Monday, August 06, 2012


Graphene Can Improve Desalination Efficiency by Several Orders of Magnitude, Can Do Pretty Much Anything

That said, there are a couple of roadblocks to using graphene for desalination. First of all, if you want to use a graphene filter, it’s important to have a lot of control of the size of the holes in the filter, or more accurately, the variation of the sizes of the holes. Put simply, you need to make sure that all the holes are small enough to keep the salt out if you want to achieve true desalination. When it comes to that level of accuracy, we aren’t quite there on the production side. We are, however, pretty close and getting closer every day. Second, you’ve got to make sure that the filter stays stable under pressure; if it breaches you’re going to lose a lot of process. The standard methods of reinforcing traditional filters should translate pretty easily to graphene though, so all in all it’s looking pretty promising.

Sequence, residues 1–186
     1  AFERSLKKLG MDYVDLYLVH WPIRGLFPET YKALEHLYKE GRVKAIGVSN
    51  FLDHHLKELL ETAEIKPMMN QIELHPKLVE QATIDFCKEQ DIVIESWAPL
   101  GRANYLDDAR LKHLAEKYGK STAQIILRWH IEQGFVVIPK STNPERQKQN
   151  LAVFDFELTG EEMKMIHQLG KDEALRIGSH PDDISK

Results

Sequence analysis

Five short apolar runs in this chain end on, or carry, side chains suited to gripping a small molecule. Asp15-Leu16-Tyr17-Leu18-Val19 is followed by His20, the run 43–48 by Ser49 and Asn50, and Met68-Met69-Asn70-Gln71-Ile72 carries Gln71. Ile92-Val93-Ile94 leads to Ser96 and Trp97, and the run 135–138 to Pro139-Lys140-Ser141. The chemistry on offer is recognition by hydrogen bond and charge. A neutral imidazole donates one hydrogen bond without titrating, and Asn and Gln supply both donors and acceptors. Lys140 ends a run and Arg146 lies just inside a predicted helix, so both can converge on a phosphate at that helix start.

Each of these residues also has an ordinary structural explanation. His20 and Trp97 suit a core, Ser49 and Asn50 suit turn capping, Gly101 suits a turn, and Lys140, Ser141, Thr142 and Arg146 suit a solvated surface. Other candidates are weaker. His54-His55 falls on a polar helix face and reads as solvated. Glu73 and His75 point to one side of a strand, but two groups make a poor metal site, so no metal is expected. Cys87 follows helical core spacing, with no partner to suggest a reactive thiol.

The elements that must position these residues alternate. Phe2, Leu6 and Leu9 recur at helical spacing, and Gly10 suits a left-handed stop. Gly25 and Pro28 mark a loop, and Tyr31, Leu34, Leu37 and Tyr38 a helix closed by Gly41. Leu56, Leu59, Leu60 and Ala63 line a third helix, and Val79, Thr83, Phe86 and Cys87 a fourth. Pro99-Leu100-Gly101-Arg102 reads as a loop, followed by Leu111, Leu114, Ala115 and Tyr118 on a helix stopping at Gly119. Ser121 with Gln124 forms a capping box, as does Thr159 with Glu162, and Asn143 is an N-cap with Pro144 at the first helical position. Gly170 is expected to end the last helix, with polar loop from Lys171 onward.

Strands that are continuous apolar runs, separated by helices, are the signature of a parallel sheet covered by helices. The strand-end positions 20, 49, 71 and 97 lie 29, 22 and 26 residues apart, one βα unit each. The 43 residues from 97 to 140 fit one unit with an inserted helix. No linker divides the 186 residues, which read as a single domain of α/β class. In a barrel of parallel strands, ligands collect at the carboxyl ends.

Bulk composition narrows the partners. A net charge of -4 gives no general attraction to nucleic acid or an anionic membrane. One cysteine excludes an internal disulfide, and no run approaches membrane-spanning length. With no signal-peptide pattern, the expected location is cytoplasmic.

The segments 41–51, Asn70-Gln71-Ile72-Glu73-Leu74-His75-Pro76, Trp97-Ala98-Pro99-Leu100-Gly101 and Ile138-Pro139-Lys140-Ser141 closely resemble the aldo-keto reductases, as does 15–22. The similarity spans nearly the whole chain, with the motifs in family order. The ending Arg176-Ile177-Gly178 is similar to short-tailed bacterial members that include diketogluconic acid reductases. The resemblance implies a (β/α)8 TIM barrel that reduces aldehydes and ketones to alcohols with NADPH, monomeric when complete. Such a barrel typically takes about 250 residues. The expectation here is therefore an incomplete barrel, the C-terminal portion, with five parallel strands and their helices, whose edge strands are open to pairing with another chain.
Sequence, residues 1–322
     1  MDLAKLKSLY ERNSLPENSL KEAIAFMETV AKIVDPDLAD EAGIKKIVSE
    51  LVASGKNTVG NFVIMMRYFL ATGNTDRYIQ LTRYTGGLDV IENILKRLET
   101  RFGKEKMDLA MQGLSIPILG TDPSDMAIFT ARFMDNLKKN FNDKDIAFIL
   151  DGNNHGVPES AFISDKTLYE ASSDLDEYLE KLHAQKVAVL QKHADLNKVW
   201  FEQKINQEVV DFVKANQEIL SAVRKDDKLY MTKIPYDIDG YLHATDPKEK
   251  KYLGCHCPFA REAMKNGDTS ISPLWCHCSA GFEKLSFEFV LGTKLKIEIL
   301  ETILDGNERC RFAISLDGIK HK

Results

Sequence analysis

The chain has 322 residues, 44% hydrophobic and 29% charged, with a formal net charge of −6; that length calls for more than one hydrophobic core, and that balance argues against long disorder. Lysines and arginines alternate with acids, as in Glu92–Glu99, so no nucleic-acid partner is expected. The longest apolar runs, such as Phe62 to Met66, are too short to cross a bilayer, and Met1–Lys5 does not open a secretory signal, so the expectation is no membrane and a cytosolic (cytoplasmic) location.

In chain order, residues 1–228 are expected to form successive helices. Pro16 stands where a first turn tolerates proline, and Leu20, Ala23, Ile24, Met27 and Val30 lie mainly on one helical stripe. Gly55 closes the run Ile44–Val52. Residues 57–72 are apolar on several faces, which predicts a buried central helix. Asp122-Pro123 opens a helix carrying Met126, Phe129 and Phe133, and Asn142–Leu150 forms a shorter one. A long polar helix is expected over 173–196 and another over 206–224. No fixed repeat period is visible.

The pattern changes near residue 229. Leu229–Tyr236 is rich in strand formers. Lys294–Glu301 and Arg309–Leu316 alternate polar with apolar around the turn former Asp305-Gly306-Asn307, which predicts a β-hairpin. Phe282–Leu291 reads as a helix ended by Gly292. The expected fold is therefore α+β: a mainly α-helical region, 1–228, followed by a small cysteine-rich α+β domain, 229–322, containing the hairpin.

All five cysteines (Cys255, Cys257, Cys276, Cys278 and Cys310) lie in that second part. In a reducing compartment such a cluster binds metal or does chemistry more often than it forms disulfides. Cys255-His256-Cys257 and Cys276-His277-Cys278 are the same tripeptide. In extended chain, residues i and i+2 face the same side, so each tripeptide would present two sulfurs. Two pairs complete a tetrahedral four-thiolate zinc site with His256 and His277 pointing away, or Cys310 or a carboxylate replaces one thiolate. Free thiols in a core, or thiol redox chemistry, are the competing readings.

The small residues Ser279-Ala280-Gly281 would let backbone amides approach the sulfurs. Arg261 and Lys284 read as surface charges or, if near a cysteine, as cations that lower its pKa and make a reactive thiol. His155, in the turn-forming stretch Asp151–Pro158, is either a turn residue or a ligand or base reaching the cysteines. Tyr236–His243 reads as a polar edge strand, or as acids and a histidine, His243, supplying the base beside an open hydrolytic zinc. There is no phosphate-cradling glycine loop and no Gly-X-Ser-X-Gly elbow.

I don't know how efficient the graphene filters are but couldn't having several filters at 95% removal of salt get the water to potability?  At least enough for use in the growth of salt tolerant rice.  



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